Saving The Elephants In Order To Save The Elephants: Part 1
A story about good and bad intentions, FUD, rugs and a community mutiny.
A century ago there were around 12 million elephants meandering about in Africa. Today that number is down to only around 400,000 according to the WWF. Estimates have around 20,000 African Elephants killed every year by poachers.
In Asia, where the slightly smaller version of this amazing species roam, there used to be over 100,000 Elephants a hundred years ago, today that number is down to around 40,000.
Disturbing numbers for sure, and the world has taken notice. Today there are many organizations and foundations whose sole purpose is to protect the elephants. Many individuals across the globe are giving money to these charities as there is a lot of love for the biggest land animal on earth. And rightly so. They do some amazing things, these trunk bearing frens of humans.
They mourn the dead for example. Upon seeing the bones or carcass of another elephant, a herd will stop and investigate. They have been seen to gently stroke the bones with their trunks and even cover the body with leaves, grass and branches. If an elephant within their own herd dies they are known to stay with the body for days or even weeks while they rumble and cry.
Many probably remember the story where an elephant herd traveled 12 hours to Lawrence Anthony’s house the day he died of a heart attack. Earlier he had rescued the same herd from a dangerous situation and had spent time rehabilitating them to go on with their lives. The herd hadn’t been around his house for over a year and a half, but started their journey to his house around his time of death and hung around for a few days once they had arrived.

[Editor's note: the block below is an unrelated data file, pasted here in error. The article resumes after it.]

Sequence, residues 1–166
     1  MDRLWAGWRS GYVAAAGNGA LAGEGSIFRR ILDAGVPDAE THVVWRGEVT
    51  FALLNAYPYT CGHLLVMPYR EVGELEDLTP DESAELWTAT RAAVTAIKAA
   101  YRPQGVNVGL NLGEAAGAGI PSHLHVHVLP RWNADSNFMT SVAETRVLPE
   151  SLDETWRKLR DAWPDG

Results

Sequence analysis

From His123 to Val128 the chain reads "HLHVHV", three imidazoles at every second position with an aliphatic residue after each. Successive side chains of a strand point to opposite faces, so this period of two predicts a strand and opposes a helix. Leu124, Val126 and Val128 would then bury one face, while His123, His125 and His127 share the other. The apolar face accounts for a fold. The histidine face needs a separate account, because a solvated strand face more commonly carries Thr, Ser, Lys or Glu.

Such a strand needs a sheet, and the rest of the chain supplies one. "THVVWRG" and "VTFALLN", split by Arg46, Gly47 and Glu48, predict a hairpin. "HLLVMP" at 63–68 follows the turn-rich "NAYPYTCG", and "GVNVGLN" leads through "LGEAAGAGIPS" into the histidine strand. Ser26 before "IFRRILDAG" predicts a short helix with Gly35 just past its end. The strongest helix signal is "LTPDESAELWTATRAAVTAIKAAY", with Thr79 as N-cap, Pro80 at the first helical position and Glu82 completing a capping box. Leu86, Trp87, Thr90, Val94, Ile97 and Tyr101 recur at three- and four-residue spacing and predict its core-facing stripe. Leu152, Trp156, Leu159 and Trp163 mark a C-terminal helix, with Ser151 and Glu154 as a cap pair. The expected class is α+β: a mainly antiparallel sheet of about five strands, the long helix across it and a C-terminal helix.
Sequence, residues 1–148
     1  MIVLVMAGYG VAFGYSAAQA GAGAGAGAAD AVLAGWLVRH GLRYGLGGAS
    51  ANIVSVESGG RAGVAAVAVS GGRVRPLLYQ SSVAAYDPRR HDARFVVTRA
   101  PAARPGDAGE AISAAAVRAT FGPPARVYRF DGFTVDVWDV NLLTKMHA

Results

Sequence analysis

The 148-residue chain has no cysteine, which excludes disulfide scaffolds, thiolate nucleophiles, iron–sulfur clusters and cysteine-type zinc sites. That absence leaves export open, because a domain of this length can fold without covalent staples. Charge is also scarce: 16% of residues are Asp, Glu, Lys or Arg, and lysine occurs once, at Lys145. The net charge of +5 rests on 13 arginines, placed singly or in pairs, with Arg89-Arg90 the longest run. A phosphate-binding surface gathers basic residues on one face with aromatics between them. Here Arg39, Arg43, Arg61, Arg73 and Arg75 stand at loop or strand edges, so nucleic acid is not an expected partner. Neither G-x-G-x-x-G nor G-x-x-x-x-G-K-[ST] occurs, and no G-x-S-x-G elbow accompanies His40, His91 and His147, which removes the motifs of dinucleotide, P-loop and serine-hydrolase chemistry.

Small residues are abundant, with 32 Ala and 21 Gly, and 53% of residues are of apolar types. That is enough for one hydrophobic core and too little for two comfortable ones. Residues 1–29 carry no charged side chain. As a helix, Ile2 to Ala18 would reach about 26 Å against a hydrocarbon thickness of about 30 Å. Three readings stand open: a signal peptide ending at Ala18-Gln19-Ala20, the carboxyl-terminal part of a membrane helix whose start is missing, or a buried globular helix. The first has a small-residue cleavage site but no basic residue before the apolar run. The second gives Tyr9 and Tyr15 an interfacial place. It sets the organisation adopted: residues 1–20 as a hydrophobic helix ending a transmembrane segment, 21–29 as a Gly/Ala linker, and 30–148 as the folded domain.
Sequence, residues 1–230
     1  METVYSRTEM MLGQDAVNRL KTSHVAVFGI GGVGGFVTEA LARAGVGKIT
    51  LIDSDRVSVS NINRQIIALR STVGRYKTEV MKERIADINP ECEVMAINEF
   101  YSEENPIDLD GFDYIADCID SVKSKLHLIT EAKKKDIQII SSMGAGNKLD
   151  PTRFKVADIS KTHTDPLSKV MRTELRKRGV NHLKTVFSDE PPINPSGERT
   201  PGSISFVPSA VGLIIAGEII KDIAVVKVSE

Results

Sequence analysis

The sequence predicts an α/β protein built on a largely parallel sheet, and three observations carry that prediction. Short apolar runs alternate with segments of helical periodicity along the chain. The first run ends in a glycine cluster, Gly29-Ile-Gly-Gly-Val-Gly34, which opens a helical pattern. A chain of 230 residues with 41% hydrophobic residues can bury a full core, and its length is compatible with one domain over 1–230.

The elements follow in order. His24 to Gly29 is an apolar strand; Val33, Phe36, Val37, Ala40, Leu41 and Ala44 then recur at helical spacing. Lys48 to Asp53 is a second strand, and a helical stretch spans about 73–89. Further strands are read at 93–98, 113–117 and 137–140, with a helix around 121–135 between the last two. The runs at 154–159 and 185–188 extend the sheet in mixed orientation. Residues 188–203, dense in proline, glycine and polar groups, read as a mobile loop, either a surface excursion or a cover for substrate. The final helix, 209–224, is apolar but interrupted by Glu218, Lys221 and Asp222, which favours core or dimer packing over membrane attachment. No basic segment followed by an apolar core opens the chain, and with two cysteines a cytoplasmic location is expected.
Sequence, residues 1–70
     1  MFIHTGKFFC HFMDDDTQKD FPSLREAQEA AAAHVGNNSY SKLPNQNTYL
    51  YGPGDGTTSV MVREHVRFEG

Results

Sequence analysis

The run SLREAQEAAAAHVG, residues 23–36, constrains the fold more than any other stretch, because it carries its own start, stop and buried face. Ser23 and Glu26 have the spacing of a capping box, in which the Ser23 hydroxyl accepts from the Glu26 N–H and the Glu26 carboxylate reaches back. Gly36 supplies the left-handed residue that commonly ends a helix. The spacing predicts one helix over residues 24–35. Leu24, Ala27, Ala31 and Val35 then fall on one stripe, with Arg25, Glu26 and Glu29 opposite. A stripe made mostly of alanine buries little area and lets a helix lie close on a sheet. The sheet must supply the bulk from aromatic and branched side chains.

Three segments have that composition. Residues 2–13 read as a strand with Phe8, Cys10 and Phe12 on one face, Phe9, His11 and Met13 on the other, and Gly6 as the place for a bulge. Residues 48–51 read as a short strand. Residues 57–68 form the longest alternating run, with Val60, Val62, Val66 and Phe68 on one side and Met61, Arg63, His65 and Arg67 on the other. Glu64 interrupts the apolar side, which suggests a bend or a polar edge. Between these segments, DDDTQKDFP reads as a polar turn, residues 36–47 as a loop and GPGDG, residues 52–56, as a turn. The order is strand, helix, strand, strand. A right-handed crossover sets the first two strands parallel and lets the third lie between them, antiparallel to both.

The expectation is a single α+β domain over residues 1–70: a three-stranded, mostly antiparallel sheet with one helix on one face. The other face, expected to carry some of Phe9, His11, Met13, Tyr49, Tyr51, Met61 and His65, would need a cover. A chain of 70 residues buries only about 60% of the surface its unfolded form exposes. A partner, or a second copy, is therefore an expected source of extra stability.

Recent findings even show that elephants might be worshipping the moon. Or at least that their behavior changes with the moon cycle.
So no wonder that the NFT project Untamed Elephants, one of the first (or maybe even the first) charity driven NFT projects in the Metaverse stirred up some buzz when it launched. While the commission fee was slightly higher than normal for the time, a decent amount was going to be earmarked for charitable donations to organizations that focus on protecting wild elephants. After a few days of slow sales amid a budding NFT hype in the middle of July 2021 (7,000 years ago in Metaverse time), sales took off and 7,500 Untamed Elephants was minted generating around 500K USD in sales.
I’m old enough to remember the hype and joy in the Untamed Elephants discord. This felt fresh. AND it was for a good cause. The roadmap that was released after the initial sale seemed intriguing, yet a bit all over the place. Untamed Companions were presented - a cute little owl that would be a free mint fren for your Phant. Here’s another way this project was ahead of the curve - companions and free mints for holders have since then become almost a standard.